1831: John Bishop and Thomas Head, the London Burkers 1869: Nicholas Melady, the last public hanging in Canada

1769: Two weavers, for the Spitalfield riots

December 6th, 2011 Headsman

On this date in 1769, two weavers hanged in East London in a bitter fight over wages and labor power.

Spitalfields, the East London district also known as the stomping-ground of legendary jailbreaker Jack Sheppard, was the capital of a thriving English silk-weaving industry. It had attained 18th century prosperity thanks in large measure to the decision of William and Mary to invite Lyons Huguenots being hard-pressed by the French crown to relocate their talents across the channel. This now-domestic industry* quickly began supplanting formerly dominant French imports.

In 1713 it was stated that silks, gold and silver stuffs and ribbon made here were as good as those from France, and that £300,000 worth of black silk for hoods and scarves was made annually. In 1721 the value of the silk manufactured in England amounted to £700,000 more than in 1688, when wrought silks were imported from France to the annual value of half a million sterling. (Source)

In this roaring and prestigious business, William Hogarth situated his 1747 Industry & Idleness plates: both the Industrious Prentice (eventually destined to become Lord Mayor of London) and the Idle Prentice (eventually executed at Tyburn) start off shoulder to shoulder at the Spitalfields looms.

But as the 18th century unfolded, even the most industrious Spitalfield weavers came under increasing competitive pressure especially from Chinese and Indian imports.

Although Parliament attempted to ban textile imports to preserve the domestic industries, Spitalfield workers were known to enforce their prerogatives directly by attacking people in the street thought to be wearing foreign prints. This simmering tension came to a rapid boil after settlement of the Seven Years’ War enabled England and France to resume trading — and a glut of French textiles to undermine weavers’ price controls.

Conflicts were no less fierce within the weavers’ community, between masters and laborers. Workers combined to maintain wages by attacking those thought to be undercutting prices.

In September 1769, one such action punished a wealthy anti-“combination” (for “combination”, read “labor union”) manufacturer named Lewis Chauvet, and cut the silk handkerchiefs right out of his looms.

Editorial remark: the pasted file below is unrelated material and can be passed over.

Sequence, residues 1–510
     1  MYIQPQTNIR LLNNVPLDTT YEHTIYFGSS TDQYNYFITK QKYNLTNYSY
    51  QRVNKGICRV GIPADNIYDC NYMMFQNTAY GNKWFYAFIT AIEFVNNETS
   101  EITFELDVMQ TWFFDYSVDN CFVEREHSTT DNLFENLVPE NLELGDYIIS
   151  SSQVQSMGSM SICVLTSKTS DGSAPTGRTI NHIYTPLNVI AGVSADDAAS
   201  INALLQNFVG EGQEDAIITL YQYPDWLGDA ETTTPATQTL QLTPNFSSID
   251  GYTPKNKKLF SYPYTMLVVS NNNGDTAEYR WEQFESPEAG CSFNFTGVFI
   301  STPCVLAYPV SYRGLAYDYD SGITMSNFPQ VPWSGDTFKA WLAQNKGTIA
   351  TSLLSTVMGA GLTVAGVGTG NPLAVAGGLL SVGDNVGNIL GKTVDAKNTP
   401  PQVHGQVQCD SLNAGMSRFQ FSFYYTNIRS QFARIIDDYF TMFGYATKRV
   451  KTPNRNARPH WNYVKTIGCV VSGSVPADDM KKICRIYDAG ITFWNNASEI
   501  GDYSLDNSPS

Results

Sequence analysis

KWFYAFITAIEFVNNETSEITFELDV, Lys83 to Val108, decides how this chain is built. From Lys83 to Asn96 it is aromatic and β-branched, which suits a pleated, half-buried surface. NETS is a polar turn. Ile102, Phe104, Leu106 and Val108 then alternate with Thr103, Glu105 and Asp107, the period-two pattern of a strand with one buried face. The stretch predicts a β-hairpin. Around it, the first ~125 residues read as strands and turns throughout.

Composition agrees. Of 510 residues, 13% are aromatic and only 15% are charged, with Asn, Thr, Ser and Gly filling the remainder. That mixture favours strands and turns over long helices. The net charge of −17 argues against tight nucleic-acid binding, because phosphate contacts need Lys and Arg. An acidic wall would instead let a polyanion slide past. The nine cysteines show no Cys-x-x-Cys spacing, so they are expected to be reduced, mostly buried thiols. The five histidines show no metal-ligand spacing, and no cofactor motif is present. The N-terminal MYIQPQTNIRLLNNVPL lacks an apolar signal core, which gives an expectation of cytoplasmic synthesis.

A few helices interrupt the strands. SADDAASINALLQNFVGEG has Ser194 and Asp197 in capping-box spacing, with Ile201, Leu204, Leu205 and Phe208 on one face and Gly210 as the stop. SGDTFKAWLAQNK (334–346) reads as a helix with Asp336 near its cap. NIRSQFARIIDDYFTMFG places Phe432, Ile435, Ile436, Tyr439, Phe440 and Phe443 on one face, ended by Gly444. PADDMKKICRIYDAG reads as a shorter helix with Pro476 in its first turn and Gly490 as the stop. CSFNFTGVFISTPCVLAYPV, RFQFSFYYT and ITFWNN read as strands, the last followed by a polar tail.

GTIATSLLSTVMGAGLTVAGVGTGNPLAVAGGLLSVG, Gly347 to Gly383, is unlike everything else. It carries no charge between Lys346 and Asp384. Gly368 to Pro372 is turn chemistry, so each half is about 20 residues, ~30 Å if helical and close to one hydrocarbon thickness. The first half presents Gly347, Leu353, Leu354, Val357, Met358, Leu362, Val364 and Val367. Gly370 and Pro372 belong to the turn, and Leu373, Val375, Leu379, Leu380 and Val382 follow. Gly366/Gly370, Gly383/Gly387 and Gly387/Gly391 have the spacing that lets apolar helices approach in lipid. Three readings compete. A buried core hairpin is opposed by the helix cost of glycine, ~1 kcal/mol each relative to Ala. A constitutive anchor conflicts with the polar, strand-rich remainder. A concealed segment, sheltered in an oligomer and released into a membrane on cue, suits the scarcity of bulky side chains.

From Season 3, Episode 2 of the BBC drama Garrow’s Law, which is directly based on this case. As of this writing, the entire episode can be found on YouTube.

Cutting silk from the loom was a rough method of enforcement by the labor combination. It had also been made a capital crime a few years before. And it turned out that Chauvet was ready to make his the test case.

Richly paying off a couple of independent artisan weavers for their questionable testimony, he secured the conviction of John Valloine or Valline (other alternate spellings are possible; the name clearly denotes the district’s Huguenot heritage) and John Doyle, two weavers allegedly part of the loom-smashing action. The accused denied it, Doyle reported to have fulminated at the gallows, “I am as innocent of the fact I am now to die for as the child unborn. Let my blood lie to that wicked man who has purchased it with gold, and them notorious wretches who swore it falsely away.”**

Manufacturers’ purposes were served just as well whether innocent or guilty. The point was labor discipline, not a few lost hankies.

Accordingly fixing “to strike Terror into the Rioters”, the crown ordered the execution to occur not at the Tyburn gallows, but right in the weavers’ backyard, adjacent Spitalfields at Bethnal Green.

This order actually delayed the sentence for the judiciary’s consideration of the minor point of whether this was allowed at all — since the actual boilerplate sentence read from the bench had specified “the usual place.” The wisest magistrates of the land considered the matter and in time agreed that “the time and place of execution was no part of the sentence” and therefore subject to His Majesty’s discretion. Bethnal Green it was.

They were therefore this morning taken in a cart from Newgate through the City to Whitechapel, and thence up the road to Bethnal Green, attended by the Sheriffs &c, with the gallows, made for the purpose, in another cart; it was fixed in the cross road, near the Salmon and Ball.